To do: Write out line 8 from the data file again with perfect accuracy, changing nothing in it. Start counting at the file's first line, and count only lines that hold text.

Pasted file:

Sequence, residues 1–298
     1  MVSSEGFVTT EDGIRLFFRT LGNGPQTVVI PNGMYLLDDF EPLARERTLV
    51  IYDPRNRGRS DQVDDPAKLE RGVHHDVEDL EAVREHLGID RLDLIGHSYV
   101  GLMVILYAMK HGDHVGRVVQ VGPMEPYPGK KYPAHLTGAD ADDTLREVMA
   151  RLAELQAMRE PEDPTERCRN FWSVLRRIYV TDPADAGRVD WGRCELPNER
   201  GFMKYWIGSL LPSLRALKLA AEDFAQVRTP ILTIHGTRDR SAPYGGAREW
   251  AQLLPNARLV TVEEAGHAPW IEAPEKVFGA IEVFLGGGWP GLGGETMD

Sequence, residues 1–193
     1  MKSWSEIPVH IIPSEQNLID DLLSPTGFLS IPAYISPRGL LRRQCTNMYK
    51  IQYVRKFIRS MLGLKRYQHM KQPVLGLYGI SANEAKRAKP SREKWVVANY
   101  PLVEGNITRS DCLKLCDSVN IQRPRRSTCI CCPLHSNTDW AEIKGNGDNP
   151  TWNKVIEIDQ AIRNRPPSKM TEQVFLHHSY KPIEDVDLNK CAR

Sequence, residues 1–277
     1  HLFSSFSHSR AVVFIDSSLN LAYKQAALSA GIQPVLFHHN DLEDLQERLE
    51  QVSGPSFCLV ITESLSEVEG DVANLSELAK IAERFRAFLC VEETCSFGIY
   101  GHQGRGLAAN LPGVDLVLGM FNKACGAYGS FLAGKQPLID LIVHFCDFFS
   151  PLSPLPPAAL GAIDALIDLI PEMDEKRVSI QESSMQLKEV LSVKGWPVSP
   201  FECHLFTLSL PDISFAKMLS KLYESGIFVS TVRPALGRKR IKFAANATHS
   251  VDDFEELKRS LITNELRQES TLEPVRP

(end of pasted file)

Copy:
Sequence, residues 1–193